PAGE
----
In order to determine how effective our designs were, we compared them to a base SAGD case run through the same reservoir and injection process, and along the same timeline of five years. Our design proved to produce about 20% more oil when compared over the first 5 years while reducing the SOR from 3.5 to 2.93. A detailed economic analysis was also performed showing significant improvement of the fishbone designs when compared to the base case. The design also allows for many optimizations to be made depending on the specifics of the reservoir.
HOW WE VALIDATED OUR DESIGN SOLUTION
In order to validate the fishbone, design the group simulated different fishbone architectures until the SOR decreased to under three using the program CMG Stars. The fishbones were simulated in a reservoir with the same heterogeneity as a typical McMurray reservoir. For the different fishbone architectures, the group started out with doing simulations with four flat (no elevation change) symmetrical fishbones (two on each side on the well) on just the producer or injector well, then had fishbones ramp up on those two cases. Finally, the team did the exact same simulations with the difference being that the four symmetrical fishbones were on both the injector and producer wells, with the fishbones being both flat and ramped up. Once these simulations were completed the team performed the exact same set of simulations but where the number of fishbones changed to six and eight fishbones. The final design that produced the lowest SOR of 2.93 was eight flat fishbones on both the producer and injector wells.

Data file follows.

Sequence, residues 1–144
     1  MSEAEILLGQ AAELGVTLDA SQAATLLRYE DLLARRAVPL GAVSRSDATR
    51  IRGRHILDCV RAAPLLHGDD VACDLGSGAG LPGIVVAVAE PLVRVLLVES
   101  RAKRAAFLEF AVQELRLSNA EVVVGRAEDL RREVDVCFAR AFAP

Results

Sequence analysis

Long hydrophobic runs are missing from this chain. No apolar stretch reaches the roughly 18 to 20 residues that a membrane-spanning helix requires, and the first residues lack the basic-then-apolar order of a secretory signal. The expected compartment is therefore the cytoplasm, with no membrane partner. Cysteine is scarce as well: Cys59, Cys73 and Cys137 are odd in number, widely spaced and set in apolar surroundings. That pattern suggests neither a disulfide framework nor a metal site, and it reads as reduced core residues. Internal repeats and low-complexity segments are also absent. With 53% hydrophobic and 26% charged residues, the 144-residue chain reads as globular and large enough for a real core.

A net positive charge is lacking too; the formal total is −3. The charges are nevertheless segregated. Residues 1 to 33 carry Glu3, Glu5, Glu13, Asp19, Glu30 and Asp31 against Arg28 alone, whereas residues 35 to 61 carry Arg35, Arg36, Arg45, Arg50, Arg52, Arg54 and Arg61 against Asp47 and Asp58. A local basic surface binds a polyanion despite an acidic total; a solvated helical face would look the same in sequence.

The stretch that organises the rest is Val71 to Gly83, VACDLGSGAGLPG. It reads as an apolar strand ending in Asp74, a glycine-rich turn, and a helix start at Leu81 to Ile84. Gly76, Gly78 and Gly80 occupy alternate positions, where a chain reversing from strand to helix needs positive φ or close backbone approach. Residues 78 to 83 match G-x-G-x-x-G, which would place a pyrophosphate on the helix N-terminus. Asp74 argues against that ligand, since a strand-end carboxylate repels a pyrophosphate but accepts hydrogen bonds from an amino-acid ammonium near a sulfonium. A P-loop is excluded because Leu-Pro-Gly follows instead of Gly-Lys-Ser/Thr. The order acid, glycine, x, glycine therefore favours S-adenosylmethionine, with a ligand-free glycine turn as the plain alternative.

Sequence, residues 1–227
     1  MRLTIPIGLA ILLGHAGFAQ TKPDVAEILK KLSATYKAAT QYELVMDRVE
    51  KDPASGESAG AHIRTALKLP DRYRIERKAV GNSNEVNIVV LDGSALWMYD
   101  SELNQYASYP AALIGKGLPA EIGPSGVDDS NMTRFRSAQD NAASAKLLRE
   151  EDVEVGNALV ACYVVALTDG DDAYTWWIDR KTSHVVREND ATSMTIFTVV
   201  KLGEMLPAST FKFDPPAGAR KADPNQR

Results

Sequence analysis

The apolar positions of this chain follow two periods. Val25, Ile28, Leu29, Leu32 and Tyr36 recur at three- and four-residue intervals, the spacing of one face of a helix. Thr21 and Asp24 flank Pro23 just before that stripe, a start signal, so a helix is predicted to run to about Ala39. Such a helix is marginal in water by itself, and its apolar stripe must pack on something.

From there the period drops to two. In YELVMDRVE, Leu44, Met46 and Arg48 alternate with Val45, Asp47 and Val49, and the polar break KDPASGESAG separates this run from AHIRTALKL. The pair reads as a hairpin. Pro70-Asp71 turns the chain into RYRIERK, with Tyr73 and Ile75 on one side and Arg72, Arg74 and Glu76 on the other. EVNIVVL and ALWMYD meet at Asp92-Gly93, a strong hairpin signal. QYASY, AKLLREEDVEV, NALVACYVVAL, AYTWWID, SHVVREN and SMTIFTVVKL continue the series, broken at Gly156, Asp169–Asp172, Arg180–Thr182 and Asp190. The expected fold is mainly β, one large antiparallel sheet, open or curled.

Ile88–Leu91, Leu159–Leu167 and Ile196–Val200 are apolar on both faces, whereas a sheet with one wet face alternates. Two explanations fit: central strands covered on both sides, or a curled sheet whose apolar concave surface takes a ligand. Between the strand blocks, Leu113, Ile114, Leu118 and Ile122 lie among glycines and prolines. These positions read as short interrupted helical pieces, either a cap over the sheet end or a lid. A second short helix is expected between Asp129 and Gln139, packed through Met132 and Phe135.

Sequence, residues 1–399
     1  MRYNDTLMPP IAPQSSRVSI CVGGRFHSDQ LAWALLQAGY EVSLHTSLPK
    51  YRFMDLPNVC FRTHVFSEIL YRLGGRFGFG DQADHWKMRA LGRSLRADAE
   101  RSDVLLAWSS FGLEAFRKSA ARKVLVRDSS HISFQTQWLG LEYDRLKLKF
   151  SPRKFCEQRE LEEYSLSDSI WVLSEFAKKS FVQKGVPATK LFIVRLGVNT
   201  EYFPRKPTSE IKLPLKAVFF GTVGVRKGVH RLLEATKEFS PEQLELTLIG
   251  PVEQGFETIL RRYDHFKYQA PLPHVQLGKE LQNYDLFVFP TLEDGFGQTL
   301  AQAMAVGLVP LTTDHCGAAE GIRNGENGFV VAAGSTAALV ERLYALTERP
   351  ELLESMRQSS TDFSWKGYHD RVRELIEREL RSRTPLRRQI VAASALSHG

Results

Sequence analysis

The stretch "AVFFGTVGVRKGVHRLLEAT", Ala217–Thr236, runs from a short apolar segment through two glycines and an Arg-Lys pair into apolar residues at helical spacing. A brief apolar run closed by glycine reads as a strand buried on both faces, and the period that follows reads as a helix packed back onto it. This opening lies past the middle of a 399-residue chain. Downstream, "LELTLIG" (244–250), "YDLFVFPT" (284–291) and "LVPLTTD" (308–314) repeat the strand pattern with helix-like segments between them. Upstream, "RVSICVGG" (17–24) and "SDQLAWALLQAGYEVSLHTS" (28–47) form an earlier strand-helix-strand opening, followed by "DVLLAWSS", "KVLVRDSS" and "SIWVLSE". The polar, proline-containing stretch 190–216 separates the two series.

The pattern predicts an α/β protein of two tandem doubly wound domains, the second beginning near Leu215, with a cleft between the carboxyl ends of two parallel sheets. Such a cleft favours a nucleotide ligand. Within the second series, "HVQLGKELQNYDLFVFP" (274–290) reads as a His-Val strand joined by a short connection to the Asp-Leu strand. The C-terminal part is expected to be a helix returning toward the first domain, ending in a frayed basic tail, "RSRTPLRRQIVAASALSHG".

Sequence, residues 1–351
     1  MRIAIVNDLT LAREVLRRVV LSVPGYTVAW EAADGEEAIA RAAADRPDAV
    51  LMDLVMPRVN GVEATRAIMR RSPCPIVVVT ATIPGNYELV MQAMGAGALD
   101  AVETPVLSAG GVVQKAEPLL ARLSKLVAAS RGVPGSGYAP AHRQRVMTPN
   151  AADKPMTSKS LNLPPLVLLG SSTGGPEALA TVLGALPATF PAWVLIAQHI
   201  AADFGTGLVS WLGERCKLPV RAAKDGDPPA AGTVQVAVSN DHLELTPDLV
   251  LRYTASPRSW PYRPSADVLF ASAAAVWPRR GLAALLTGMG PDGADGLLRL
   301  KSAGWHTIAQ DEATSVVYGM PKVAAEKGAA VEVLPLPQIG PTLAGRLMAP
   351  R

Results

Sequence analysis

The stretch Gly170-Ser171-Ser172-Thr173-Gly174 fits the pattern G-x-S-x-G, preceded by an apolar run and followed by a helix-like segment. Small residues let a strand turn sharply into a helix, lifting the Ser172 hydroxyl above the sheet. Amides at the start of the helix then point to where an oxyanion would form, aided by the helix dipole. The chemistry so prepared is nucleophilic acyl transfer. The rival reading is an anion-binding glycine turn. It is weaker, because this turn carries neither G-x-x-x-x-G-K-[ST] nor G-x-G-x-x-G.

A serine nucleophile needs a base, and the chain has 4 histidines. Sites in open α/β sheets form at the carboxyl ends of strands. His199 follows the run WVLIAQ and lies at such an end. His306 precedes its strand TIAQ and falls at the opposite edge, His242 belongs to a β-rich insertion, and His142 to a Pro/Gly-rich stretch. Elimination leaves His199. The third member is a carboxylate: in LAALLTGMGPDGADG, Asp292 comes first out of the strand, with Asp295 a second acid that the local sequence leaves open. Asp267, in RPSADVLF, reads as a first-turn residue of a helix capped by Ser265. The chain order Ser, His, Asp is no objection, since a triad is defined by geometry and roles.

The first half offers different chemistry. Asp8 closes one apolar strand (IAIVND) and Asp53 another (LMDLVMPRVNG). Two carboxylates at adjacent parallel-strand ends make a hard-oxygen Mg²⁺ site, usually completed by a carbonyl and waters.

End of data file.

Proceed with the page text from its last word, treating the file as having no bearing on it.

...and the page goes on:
FEASIBILITY OF OUR DESIGN SOLUTION
An important consideration when tackling this design project was the potential feasibility of this design in a real world SAGD operation. The reality of this technology is that practically all SAGD operations in Alberta are completed using standard vertical well configurations, or in some cases with a single parallel multilateral, however fishbone configurations have rarely been attempted here. However, fishbone style multilaterals have been used more commonly in other production markets around the world and have been proven to be effective in many cases. The technology to drill angled branches from the mother wellbore is readily available and the process for doing so is not brand new. The main barrier to the feasibility of the project is that drilling many fishbones could greatly increase initial capital cost, presenting higher financial risk for a project. With this in mind, the design was considered to be feasible to implement, with the understanding that the main barrier to implementation would be higher capital cost. An economic analysis of our designs was performed after simulation to gain further insight into the financial impacts of drilling fishbones compared to the gains of increased production.
Partners and mentors
We would like to thank Dr. Ian Gates and graduate researcher Benjamin Edafiaga for their wealth of knowledge and guidance in pursuing this project. We would also like to thank our industry contacts, Dr. Da Zhu and others, for offering us valuable mentorship. Finally, we would like to thank Dr. Arief Budiman and Jaehyun Yang for their constant engagement with our project, and for pushing us to find our path to the finish line.